https://shannonselin.com/2017/07/john-quincy-adams-swimming/

The True Story Of A Dog Named Stubby

   It all started on a day in 1917. The place was the Yale University campus in Connecticut where the 102nd Infantry Regiment was training in preparation to join the brutal trench warfare of World War 1 Europe.
   What made this day different from the others was how a stray mixed breed dog wandered in amidst the regiment, apparently making himself quite at home. He quickly won over the young soldiers, was named Stubby (due to his short tail), and found himself adopted by Private James Robert Conroy. 
   Stubby was very popular with the soldiers. He would apparently try to join them in some of the drills and reportedly learned to salute with his right paw.
   Finally, the time arrived to ship off to France and join the war for real.
   And yes, Stubby went with the regiment.
   Over the years, numerous stories and legends have been told about Stubby so that separating fact from fiction can be extremely difficult. One tale says that Conroy tried to smuggle Stubby over to Europe but got caught. The story goes on to say that when the commanding officer discovered what had happened, he was won over by a right paw salute. Great story, but is it true? We’ll likely never know.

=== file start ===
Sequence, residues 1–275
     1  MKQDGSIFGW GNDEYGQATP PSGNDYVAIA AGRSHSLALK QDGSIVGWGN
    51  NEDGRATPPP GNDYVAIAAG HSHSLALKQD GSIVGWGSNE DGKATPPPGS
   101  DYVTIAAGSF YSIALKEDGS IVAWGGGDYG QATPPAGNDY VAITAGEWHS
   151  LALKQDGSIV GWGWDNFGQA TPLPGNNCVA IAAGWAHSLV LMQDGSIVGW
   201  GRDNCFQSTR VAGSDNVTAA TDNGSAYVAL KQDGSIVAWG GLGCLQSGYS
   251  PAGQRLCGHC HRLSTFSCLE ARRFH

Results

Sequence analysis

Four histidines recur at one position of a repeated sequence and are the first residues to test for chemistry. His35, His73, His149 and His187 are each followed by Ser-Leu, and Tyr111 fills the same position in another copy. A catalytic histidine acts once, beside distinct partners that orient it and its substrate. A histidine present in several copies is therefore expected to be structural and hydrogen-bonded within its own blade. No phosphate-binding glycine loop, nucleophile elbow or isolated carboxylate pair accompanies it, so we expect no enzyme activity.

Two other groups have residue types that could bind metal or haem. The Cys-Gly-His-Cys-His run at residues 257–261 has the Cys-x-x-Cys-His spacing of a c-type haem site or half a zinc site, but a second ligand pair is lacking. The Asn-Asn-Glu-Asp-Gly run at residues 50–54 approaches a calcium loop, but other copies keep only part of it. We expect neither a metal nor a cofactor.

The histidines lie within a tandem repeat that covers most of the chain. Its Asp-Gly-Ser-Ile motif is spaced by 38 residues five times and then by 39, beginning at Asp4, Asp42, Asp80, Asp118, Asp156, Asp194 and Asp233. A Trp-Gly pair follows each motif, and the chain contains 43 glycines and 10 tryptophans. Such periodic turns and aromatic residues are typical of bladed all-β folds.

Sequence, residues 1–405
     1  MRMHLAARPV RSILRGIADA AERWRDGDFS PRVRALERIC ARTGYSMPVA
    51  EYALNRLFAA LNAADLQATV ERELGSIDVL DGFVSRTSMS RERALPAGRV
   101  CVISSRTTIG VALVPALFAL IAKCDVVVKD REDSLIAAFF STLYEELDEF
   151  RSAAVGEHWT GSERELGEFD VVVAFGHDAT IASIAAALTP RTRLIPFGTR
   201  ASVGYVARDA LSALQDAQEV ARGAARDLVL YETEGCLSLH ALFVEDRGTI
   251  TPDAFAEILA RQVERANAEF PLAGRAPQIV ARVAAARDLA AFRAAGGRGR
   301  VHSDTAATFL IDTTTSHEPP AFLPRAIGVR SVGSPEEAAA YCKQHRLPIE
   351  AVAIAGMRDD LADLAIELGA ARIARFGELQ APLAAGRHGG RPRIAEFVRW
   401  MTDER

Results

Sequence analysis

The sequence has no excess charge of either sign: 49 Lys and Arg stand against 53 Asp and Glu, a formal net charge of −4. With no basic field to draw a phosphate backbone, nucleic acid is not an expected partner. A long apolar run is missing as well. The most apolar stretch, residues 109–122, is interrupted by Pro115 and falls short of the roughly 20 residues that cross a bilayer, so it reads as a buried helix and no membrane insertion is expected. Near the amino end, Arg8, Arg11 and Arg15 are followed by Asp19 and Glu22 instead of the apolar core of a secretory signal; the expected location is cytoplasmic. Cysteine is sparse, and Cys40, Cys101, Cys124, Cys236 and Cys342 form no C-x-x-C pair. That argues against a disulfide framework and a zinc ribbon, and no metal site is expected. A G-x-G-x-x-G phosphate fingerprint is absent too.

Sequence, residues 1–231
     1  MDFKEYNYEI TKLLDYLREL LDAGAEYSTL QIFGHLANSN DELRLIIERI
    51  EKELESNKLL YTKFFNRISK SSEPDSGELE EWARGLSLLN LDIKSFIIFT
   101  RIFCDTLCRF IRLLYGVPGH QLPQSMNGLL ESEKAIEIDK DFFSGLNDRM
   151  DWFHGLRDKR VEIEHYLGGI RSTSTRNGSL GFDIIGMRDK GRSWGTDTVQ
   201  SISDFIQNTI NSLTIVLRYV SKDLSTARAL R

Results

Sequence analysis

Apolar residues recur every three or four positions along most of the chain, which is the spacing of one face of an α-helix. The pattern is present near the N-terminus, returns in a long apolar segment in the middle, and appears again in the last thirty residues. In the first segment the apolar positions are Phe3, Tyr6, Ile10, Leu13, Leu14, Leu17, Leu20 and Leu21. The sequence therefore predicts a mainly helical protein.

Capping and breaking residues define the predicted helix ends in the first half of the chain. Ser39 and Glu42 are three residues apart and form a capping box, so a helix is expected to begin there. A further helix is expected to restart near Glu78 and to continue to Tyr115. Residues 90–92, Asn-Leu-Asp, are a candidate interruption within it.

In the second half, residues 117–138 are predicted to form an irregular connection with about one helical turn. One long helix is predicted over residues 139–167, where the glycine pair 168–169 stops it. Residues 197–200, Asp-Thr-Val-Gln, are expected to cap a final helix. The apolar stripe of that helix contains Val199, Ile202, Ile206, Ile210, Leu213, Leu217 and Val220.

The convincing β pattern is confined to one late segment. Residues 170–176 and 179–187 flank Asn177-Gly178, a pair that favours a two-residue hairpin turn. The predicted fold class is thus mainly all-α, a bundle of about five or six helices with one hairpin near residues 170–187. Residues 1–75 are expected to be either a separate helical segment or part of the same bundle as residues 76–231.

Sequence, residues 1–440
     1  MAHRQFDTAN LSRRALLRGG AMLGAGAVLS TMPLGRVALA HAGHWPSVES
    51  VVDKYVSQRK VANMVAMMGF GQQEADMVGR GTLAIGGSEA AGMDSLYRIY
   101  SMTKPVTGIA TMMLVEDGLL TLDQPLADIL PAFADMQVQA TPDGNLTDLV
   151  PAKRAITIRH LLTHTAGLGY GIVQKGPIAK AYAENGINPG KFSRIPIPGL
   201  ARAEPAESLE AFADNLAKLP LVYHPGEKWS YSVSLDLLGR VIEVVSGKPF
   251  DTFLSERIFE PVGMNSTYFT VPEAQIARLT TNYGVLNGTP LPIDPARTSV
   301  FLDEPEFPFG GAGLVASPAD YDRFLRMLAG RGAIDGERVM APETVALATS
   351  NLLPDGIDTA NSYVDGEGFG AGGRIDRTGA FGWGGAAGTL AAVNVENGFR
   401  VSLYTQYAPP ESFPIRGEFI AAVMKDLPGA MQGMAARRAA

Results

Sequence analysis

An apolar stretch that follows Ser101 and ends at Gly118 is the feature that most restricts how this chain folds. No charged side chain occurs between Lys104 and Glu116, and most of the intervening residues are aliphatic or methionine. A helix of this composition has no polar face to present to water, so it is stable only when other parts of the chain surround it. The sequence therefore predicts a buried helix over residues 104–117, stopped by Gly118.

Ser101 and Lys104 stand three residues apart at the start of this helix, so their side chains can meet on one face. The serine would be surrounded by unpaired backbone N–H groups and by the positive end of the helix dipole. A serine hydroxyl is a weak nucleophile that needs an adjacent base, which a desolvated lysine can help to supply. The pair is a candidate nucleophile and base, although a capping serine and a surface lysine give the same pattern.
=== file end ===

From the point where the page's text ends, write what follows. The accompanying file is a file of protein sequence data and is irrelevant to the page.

What does appear true is that Stubby kept up morale in the front lines and would warn the troops of gas attacks by barking and running through the trenches. Another brave feat was the way he would go into no man’s land between the American and German positions finding wounded soldiers and staying with them until medics arrived.
   Stubby was also known to wander, sometimes disappearing for days at a time. But he always found his way back to the 102nd and his owner, James Robert Conroy.
   The brave dog suffered multiple battle wounds, but was fortunate enough to survive the war, after which he became a celebrity. He had his photo taken with General John Pershing, commander of all US forces in Europe and became the mascot of Georgetown University, where Conroy studied law.
   Stubby passed away in 1926 in his owner’s arms. He was stuffed and eventually ended up with the Smithsonian Institution where the brave pooch is sometimes displayed.


  

Here’s Why Removing Confederate Statues And Changing Some Brands Is Needed